Eucalyptus grandis is a commercially important hardwood species and is known to be susceptible to a number of pests and pathogens. Determining mechanisms of defense is therefore a research priority. The published genome for E. grandis has aided the identification of one important class of resistance (R) genes that incorporate nucleotide binding sites and leucine-rich repeat domains (NBS-LRR). Using an iterative search process we identified NBS-LRR gene models within the E. grandis genome. We characterized the gene models and identified their genomic arrangement. The gene expression patterns were examined in E. grandis clones, challenged with a fungal pathogen (Chrysoporthe austroafricana) and insect pest (Leptocybe invasa). One thousand two hundred and fifteen putative NBS-LRR coding sequences were located which aligned into two large classes, Toll or interleukin-1 receptor (TIR) and coiled-coil (CC) based on NB-ARC domains. NBS-LRR gene-rich regions were identified with 76% organized in clusters of three or more genes. A further 272 putative incomplete resistance genes were also identified. We determined that E. grandis has a higher ratio of TIR to CC classed genes compared to other woody plant species as well as a smaller percentage of single NBS-LRR genes. Transcriptome profiles indicated expression hotspots, within physical clusters, including expression of many incomplete genes. The clustering of putative NBS-LRR genes correlates with differential expression responses in resistant and susceptible plants indicating functional relevance for the physical arrangement of this gene family. This analysis of the repertoire and expression of E. grandis putative NBS-LRR genes provides an important resource for the identification of novel and functional R-genes; a key objective for strategies to enhance resilience.
Full list of Eucalyptus grandis putative NBS-LRR genes sorted by position on the genome. Information per gene includes the chromosomal position, class, physical cluster and phylogeny clade membership, identification method, raw expression data, log2 fold change values and ANOVA results (p-values). S_F_C, susceptible, fungal treatment, control; S_F_I, susceptible, fungal treatment, inoculated; R_F_C, resistant, fungal treatment, control; R_F_I, resistant, fungal treatment, inoculated; S_I_C, susceptible, insect treatment, control; S_I_I, susceptible, insect treatment, infested; R_I_C, resistant, insect treatment, control; R_I_I, resistant, insect treatment, infested.
Table S2 Conserved amino acid sequences for NB-ARC and TIR motifs from MEME analysis with CNL-like and TNL-like gene models in Eucalyptus grandis (Eg) and Arabidopsis thaliana (At; Meyers et al., 2003). The expected amino acid tryptophan (W) is identified in the Kinase 2 subdomain for CNL sequences–underlined.
Neighbor joining tree of 480 Eucalyptus grandis NB-ARC domains from complete NBS-LRR genes. The tree is drawn to scale, with branch lengths in the same units as those of the evolutionary distances used to infer the phylogenetic tree. The evolutionary distances were computed using the p-distance method and are in the units of the number of amino acid differences per site. The analysis involved 495 amino acid sequences (480 E. grandis). All ambiguous positions were removed for each sequence pair.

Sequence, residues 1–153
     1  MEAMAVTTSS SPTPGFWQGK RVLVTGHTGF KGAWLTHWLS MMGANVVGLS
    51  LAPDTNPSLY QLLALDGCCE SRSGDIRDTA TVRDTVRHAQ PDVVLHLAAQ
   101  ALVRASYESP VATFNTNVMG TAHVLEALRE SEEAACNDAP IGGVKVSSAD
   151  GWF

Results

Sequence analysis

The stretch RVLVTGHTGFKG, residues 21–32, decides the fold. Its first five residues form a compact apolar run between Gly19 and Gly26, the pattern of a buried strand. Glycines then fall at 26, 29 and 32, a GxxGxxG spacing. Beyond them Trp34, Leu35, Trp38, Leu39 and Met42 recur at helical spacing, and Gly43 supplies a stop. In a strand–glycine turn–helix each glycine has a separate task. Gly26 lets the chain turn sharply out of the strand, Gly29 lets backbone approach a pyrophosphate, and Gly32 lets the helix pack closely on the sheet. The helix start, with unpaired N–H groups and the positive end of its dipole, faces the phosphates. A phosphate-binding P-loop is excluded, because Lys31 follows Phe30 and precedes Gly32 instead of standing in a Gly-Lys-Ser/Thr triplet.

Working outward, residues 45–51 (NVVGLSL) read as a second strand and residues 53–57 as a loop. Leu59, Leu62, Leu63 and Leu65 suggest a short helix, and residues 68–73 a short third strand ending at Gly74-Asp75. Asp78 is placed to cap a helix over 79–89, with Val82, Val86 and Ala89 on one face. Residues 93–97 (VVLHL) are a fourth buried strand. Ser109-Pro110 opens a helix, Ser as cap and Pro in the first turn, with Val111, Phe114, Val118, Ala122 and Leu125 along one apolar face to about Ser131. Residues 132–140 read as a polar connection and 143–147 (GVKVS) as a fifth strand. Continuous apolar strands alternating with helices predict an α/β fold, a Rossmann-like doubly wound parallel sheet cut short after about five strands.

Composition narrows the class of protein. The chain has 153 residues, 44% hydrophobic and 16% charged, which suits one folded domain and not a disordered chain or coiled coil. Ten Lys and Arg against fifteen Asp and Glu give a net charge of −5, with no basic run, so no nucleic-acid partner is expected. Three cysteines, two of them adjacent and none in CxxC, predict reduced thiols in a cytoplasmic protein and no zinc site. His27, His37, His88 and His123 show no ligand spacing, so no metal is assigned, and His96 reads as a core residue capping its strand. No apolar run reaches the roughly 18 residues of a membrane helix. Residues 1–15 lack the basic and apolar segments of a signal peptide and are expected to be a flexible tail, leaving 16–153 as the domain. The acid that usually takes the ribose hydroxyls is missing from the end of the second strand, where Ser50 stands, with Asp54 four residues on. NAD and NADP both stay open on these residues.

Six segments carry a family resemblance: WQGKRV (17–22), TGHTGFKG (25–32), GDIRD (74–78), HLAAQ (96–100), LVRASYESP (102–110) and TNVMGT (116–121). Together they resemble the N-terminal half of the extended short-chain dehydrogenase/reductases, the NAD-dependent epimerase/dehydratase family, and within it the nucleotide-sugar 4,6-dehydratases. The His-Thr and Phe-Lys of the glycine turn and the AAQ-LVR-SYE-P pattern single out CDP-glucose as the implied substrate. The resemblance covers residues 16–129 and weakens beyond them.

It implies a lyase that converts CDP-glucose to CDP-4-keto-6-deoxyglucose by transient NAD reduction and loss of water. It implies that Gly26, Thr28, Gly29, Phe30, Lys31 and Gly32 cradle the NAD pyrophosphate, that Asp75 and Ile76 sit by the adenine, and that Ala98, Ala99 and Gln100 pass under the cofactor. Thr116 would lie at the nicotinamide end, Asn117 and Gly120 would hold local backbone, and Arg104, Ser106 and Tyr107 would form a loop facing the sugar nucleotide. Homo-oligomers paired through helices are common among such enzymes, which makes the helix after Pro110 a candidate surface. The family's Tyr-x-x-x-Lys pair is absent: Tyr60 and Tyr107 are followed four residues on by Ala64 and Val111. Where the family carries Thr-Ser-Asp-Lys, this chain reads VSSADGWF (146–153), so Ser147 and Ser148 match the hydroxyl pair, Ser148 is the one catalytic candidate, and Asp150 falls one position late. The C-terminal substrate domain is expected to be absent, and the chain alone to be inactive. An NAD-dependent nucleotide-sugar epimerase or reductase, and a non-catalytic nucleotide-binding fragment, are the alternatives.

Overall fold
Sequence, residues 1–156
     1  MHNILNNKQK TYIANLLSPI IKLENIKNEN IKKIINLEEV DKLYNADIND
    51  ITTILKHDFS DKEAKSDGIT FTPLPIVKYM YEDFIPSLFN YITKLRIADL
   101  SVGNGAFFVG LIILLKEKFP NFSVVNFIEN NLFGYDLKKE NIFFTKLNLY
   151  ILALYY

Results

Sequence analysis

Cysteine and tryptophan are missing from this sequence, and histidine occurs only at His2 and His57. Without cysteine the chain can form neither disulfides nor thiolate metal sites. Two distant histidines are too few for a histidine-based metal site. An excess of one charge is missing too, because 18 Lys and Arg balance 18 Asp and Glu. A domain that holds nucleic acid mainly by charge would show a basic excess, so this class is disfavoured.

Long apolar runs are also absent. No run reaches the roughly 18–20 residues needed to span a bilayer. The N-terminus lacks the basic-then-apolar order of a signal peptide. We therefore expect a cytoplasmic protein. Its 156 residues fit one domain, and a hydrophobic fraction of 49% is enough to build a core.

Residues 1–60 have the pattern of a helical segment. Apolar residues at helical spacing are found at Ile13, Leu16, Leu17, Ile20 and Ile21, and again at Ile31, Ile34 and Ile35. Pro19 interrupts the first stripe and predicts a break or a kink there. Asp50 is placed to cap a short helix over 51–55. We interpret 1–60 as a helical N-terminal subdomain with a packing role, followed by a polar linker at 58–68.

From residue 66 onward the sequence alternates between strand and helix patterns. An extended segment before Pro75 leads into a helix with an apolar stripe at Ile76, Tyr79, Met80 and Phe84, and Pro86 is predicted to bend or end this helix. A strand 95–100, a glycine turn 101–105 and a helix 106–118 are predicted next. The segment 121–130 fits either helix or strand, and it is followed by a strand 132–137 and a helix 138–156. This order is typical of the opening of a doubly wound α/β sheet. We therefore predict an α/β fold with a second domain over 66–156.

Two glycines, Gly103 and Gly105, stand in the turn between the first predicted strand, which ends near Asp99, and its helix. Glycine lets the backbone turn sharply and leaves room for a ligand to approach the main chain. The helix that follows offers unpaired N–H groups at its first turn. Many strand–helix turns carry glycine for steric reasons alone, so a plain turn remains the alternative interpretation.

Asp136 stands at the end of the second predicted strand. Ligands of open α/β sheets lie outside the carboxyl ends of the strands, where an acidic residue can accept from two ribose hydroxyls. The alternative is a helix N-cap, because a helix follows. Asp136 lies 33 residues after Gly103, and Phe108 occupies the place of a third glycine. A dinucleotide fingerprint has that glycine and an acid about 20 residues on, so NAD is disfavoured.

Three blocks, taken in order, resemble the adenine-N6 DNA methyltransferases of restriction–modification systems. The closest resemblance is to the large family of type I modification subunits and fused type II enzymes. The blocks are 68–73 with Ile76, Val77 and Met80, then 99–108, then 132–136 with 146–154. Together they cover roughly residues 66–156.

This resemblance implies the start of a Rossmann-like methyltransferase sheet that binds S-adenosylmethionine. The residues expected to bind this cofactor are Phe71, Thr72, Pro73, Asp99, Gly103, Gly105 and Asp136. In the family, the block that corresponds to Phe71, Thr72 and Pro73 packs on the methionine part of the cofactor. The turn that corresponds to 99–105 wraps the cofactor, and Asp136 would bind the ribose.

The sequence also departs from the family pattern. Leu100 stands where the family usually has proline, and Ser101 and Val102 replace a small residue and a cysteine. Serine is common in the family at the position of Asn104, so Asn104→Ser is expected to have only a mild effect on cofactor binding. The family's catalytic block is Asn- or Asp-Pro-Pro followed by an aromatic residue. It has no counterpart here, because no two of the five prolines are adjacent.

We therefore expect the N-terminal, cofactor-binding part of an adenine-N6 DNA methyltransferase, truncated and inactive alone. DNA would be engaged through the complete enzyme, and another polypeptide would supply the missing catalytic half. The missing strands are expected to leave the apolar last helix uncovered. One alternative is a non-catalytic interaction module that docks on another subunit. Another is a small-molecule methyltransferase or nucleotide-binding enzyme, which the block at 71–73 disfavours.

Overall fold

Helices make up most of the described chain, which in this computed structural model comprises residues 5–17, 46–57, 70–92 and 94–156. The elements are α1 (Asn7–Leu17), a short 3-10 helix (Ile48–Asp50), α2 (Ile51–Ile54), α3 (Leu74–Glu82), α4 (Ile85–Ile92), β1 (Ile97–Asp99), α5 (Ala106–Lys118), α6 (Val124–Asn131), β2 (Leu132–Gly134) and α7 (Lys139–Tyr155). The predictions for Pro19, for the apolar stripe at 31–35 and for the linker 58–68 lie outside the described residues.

Neighbor joining tree of 616 Eucalyptus grandis NB-ARC domains from all non-TIR NBS-LRR-like genes. The tree is drawn to scale, with branch lengths in the same units as those of the evolutionary distances used to infer the phylogenetic tree. The evolutionary distances were computed using the p-distance method and are in the units of the number of amino acid differences per site. The analysis involved 631 amino acid sequences (616 E. grandis). All ambiguous positions were removed for each sequence pair.
Neighbor joining tree of 396 Eucalyptus grandis NB-ARC domains from all TIR NBS-LRR-like genes. The tree is drawn to scale, with branch lengths in the same units as those of the evolutionary distances used to infer the phylogenetic tree. The evolutionary distances were computed using the p-distance method and are in the units of the number of amino acid differences per site. The analysis involved 411 amino acid sequences (396 E. grandis). All ambiguous positions were removed for each sequence pair.
The definition of a (A) cluster and a (B) supercluster is illustrated using a region (starting at 13 Mb and ending at 18 Mb) on chromosome 4.
Physical locations for all complete, partial, and incomplete NBS-LRR gene models that were expressed under challenge of Chrysoporthe austroafricana and Leptocybe invasa on Eucalyptus grandis chromosomes (Mapchart). Variation in means from treatment (ANOVA) were identified based on significance *p < 0.01, **p < 0.001, ***p < 0.0001 (*** are also underlined) and log2 gene expression ratios greater than 1 or smaller than −1 for resistant and susceptible plants. Color distinguishes between different classes (TNL = pink, CNL = green, NL = red, incomplete NL = black, BLAST homolog non-NL = black). Scale bar = Mb. Cluster and supercluster regions are indicated and E. grandis gene IDs are provided.
NB-ARC-LRR fused domains (A) and TIR-NB-ARC-LRR fused domains (B). Conserved amino acid sequences are indicated with lines (top). The GKT (Kinase 1) conserved motif is recognized as a P-loop structure important in ATP hydrolysis while the hDD is also well conserved in NB-ARC domains (Kinase 2) as important in co-ordinating Mg2+ as a co-factor (Tameling et al., 2006). These two important sub-domains of NB-ARC are sometimes termed the Walker A and Walker B motifs (Walker et al., 1982) and are identified as A and B, respectively, within the I-Tasser protein structures (bottom) for a representative CNL (Eucgr.L01363) and TNL (Eucgr.C00020) sequence from the Eucalyptus grandis genome.